Tim, ICT support & development technician apprentice

Why did you decide to do an apprenticeship?
I’m a hands-on sort of learner, so an apprenticeship is an ideal way of learning for me. It means I can learn some valuable skills within the workplace, while also achieving professional certifications. It puts me in good standing for future career prospects further down the line.

How did you hear about your apprenticeship?
I applied to a training company who got in touch with me to offer me the position.

How easy/hard was it to get on your apprenticeship (what qualifications did you need, what was the selection process)?
It was relatively easy, I thought. As long as you’ve got your GCSEs (or better) and you’re aware of what the job’s asking of you, you’re rocking and rolling.
Of course, there were many more who didn’t even offer me an interview – so it’s swings and roundabouts!

How did you apply?
This was done through the training company, who had asked for a copy of my CV beforehand. They also made a short video where they ran through a few interview questions, both to help me prepare and to ship off to the company.

What apprenticeship are you doing?
Level 3 Infrastructure Technician, one of the many IT apprenticeships.

How do you get your training - is it in the workplace or do you go to college - if you go to college, is it block or day-release and where is it?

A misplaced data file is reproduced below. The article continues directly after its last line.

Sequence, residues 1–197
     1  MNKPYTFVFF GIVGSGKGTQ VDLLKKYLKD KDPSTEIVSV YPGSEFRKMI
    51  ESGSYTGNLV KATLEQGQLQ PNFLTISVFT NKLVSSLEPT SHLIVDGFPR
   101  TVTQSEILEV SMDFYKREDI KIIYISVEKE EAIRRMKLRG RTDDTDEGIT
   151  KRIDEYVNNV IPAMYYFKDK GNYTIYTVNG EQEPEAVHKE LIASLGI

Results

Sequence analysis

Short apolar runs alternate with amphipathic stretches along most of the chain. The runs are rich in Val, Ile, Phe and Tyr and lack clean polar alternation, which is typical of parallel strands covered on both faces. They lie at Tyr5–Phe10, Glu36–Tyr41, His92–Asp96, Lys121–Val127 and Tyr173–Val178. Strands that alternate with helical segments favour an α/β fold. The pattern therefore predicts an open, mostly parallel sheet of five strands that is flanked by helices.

Every couple of months I head over to the training centre in Leeds, where I train for one of the qualifications included as part of my apprenticeship. The main ones are CompTIA A+ (entry-level computer certificate for PC computer service technician) and the three MTAs (Microsoft Technology Associate certificates).

What is it like working and studying at the same time?
It can be tricky at times to juggle both responsibilities at once – for example, trying to write up an assignment while also taking support calls – but if you can put up with that then it’s a great bit of experience, if nothing else.

How has doing an apprenticeship changed you (if it has!)?
I feel I’ve become a much more confident person through doing the apprenticeship. That’s partly just from doing the job but also from having the training and, with it, the opportunity to network with like-minded young people.

What advice would you give to other young people thinking about doing an apprenticeship?
Go for it. In today’s social climate it’s difficult for young people to even break into work to begin with, so apprenticeships are a great way to simply get your foot in the door. After that, well, you’ll be drowning in qualification, so do it, enjoy it, and make the most of it.

What are you hoping to do at the end of your apprenticeship, for example, stay where you are/progress to another level/company?
Hopefully I can move onto a Level 4 apprenticeship within the same company. The offer has already been floated, so as long as I pass this one, I’ll take it!

What are your career plans?
At this point, who knows? The field in which I’m working is changing so rapidly, especially now, that any jobs I could possibly plan for will have altered drastically – or may even be gone completely by the time I’m fully qualified. More than anything, it’s a case of keeping my finger on the pulse and seeing what happens. It’s an exciting time to be in IT, that’s for sure.

Fire it UpSteve, IT manager

How long have you been taking on apprentices? How many?
We have been taking on apprentices now for a number of years putting them through level 3 and level 4 qualifications, over the years we have probably had at least seven or eight whilst I have been here.